Austerity was a key theme in both the Scottish and UK-wide shadow reports, and the CEDAW Committee recommended that the UK undertake a comprehensive assessment on the impact of austerity measures on the rights of women and adopt measures to mitigate and remedy the negative consequences without delay. While the UK Government has made no moves towards this, the conversation around social security in Scotland has a different tone, and the new social security agency has committed to intersectional data-collection that would enable this kind of analysis. It has also agreed to use its powers for administrative flexibility on social security to make individual payments of Universal Credit to members in a household, rather than a regressive ‘household payment’.
As well as being an explicit recommendation in the CEDAW Concluding Observations, the incorporation of CEDAW into Scots law has been a key ask of Engender for some decades. Engender published a our Holyrood Manifesto making a specific call for incorporation in 2016, and this was also a recommendation of the First Minister’s National Advisory Council on Women and Girls in 2018. The First Minister’s Advisory Group on Human Rights Leadership made a recommendation that a range of instruments, including CEDAW, be incorporated in 2018. The Scottish Government has made progress on this recommendation, announcing in June 2019 the creation of a National Taskforce for Human Rights Leadership to oversee work for human rights legislation covering all areas of devolved responsibility. The Programme for Government 2019-20 included incorporation of the UN Convention on the Rights of the Child, and the Scottish Government has committed to incorporation of rights belonging to women.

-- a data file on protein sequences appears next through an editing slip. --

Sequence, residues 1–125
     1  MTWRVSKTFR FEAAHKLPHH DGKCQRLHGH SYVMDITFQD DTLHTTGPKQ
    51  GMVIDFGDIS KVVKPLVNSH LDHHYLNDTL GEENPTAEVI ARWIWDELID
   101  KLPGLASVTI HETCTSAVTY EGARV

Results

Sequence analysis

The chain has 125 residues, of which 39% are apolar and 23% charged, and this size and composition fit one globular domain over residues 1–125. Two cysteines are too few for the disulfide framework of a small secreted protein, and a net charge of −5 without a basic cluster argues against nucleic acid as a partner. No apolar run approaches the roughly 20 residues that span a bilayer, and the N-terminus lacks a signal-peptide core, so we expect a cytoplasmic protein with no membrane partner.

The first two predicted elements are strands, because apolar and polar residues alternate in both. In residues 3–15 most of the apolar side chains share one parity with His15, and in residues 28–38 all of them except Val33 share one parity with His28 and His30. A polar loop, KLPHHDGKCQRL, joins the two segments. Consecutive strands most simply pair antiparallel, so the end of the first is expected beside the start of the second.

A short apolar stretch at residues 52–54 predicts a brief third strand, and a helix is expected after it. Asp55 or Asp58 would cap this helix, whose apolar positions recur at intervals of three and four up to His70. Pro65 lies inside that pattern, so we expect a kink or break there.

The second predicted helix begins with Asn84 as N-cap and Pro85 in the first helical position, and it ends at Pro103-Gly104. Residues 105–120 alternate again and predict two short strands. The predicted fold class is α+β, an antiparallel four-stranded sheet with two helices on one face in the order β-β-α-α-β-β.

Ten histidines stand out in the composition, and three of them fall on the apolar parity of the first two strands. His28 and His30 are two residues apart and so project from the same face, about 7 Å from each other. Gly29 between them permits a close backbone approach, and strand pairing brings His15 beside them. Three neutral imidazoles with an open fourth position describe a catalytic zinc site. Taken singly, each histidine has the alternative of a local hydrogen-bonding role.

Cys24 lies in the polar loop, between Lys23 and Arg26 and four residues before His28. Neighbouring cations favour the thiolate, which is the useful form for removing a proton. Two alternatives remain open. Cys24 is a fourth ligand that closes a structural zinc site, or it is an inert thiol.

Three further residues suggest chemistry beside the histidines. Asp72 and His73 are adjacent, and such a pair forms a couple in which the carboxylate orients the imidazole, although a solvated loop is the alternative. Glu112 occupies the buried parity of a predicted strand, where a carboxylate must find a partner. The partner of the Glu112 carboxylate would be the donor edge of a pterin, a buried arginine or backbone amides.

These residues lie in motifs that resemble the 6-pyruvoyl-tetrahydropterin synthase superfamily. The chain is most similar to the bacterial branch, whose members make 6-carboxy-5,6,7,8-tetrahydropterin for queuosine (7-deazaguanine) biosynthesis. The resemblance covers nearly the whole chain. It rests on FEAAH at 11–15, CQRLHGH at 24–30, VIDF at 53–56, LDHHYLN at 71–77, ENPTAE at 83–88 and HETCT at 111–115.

CEDAW sets out women’s rights to equality and non-discrimination. While this report has set out that Scotland is taking steps to recognize many of the rights included in CEDAW, while it exists only as an international treaty to which the Scottish Government is not directly accountable to, there is no legal obligation for them to act.
Successive UK governments have failed to act despite repeated recommendations for CEDAW’s full incorporation into UK law by the CEDAW Committee. The incorporation of the rights enshrined in CEDAW into Scots Law would show both political commitment to women’s equality, and empower women to use the Scottish Courts to uphold their rights. Engender has produced a paper exploring incorporation of CEDAW here.
The Scottish Government has announced its intention to incorporate CEDAW into Scots Law as part of planned legislation, alongside a number of recommendations from the National Taskforce for Human Rights Leadership. The rights set out in CEDAW – including education, employment, health, public and political life – are under significant threat as a result of Brexit and over a decade of austerity, and incorporation will mean that women can claim our rights in our local court. Critically, public bodies – including Scottish Government - will need to make women’s substantive equality a reality.